In a current television ad for Ocean Spray cranberry juice, a young man standing in a cranberry bog in rubber waders plays out the stereotype of a hick farmer as he witlessly dumps a bag of sugar into the “sugarless” cranberries. Images like this of farmers as nitwits has rankled me since, in 1973, I began growing grapes and someone asked me, “Now that you’re a farmer, what will you do with your mind?”
Even as I took on the chores of planting, tending and harvesting a large vineyard, I myself worried that those hours of hoeing weeds and tying vines might limit me. Wasn’t I wasting all those years spent in college, learning chemistry, history and foreign languages, while I toiled through mud, sleet or broiling sun just to get a silent vine to push out a few clusters of recalcitrant grapes?
Over the next 27 years, as I trudged out into the field or down into the cellar (usually in the company of a bounding dog), I came to realize that farming is as challenging to the intellect as it is to the body.
Still, the stereotype of the dumb peasant farmer persists. It is not limited to the United States, as I learned on a recent jaunt to the Champagne region of France. There I stayed for three nights in the village of Aÿ, in a B&B called “Le Logis des Pressureurs” (lodging for press workers) owned by Philippe and Sophie Brun. Philippe is a burly, outspoken vigneron, easily mistaken for a village peasant, though his family owns several grand cru vineyards, and the wines he makes, Champagne Roger Brun, have won accolades including Best Sparkling Wine in Decanter Magazine.
Philippe gave me an insider’s view of his family’s vineyards, pointing out nearby plots owned by the likes of Roederer, Bollinger and Krug. Speaking with irony of the trend to “go bio,” he said, “I farm organically 355 days a year. The other 10 days, I’m spraying.”
Pointing out a horse pulling a plow in an adjacent plot, he said, “Using a horse respects the soil, but not the horse. It may maintain tradition, but the soil here is too hard for the poor horse.”
At a tasting of six vintages of his spectacular champagne, Philippe told me of his own path back to making wine after initially leaving the family business to work as an engineer: “I’ve made plastic windows, ski clothes and rockets, but now I make wine. What I like is the uncertainty, the surprises, the discoveries, the changes over time.”
Brun described playing the part of the local peasant for the British TV crews that come to film the beginning of harvest every year: “The crews who want an aristocrat find the manager from Taittinger, who has never had dust on his shoes, and stands next to the vineyard in his yellow tie with bubbles on it, talking about magic. For the crews who want the pirate — that’s me. I go out in my beret, with four days’ growth of beard, spitting, and say the same thing.”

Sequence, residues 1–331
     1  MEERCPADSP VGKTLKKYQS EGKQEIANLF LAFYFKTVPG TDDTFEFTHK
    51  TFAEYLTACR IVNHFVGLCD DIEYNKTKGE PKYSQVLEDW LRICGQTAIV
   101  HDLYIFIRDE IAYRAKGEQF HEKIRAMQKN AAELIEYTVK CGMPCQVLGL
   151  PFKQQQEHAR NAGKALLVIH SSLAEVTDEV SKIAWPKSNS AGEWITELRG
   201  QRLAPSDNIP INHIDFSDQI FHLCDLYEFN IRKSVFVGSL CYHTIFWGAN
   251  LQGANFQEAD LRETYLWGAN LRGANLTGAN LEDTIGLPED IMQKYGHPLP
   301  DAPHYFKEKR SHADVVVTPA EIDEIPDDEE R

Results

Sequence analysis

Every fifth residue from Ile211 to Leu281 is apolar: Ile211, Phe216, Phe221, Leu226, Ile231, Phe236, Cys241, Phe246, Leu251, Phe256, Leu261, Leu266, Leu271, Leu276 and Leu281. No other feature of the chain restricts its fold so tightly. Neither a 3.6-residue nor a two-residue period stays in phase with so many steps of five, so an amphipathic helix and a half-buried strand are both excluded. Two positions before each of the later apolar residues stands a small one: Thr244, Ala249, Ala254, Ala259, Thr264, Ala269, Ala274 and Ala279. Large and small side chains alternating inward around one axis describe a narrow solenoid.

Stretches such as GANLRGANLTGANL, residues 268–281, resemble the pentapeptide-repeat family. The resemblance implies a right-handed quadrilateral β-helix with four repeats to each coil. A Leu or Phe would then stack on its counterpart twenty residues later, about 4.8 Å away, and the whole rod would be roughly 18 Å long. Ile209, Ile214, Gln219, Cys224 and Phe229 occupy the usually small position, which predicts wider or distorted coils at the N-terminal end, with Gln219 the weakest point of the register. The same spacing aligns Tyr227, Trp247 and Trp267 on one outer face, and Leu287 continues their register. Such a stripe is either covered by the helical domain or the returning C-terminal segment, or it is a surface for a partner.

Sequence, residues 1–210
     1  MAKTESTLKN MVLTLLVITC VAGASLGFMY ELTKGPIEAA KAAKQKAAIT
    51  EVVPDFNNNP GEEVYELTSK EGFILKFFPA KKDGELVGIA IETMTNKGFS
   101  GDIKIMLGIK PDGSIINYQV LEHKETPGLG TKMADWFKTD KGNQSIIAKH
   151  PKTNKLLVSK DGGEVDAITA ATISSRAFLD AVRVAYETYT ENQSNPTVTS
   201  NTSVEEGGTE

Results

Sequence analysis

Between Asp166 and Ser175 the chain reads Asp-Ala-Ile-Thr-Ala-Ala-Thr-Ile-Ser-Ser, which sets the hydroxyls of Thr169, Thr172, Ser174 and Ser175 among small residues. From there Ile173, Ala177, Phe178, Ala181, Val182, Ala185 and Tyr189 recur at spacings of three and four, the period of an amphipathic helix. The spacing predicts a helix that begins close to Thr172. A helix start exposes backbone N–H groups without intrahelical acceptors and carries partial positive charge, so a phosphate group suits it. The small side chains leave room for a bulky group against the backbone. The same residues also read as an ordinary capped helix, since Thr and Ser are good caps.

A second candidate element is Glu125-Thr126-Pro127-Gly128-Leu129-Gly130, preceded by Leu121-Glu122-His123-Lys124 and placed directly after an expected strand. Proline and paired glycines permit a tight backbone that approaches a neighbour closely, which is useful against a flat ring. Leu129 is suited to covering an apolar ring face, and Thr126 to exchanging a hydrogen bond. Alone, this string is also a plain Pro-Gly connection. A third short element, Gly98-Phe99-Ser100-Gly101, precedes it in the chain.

Here on Long Island, similar scenes play out as visitors seeking atmosphere prod the local vintners to go yokel. I’ll never forget the network newscaster who visited my winery and, looking at the immaculate cellar with stainless steel fermenters, cried, “Where are the cobwebs? Where is the romance?”
At Harbes Family Vineyard, the association with the farm is clearly emphasized, and the wines bear images of the family’s historic barns and equipment, explicitly intended to bear witness to this family’s 12 generations in farming. As much as the conversation about wine today emphasizes “terroir,” Ed Harbes points out that “a sophisticated customer is reluctant to associate wine with agriculture.”
The fact of the matter is, whether in Champagne, Napa or New York, wine is an agricultural product. But grape farmers — however much they may have dirt under their nails (or wine-stained hands), whether they wear silk ties or berets — need to be sophisticated businesspeople, too. Besides dealing with the unpredictable factors of weather, they must grow their crops, make their wines, market both wholesale and retail, and greet visitors as peasants or aristocrats, as the situation requires.
When Philippe Brun demonstrated how he doffs his beret to the TV crews while pouring me a second (OK, fifth) taste of Champagne Roger Brun “La Pelle Extra Brut,” alongside a slice of Sophie Brun’s homemade foie gras (served on gold-rimmed bone china), the image of the “dumb farmer” forever vanished.
Ms. Hargrave was a founder of the Long Island wine industry in 1973. She is currently a freelance writer and consultant.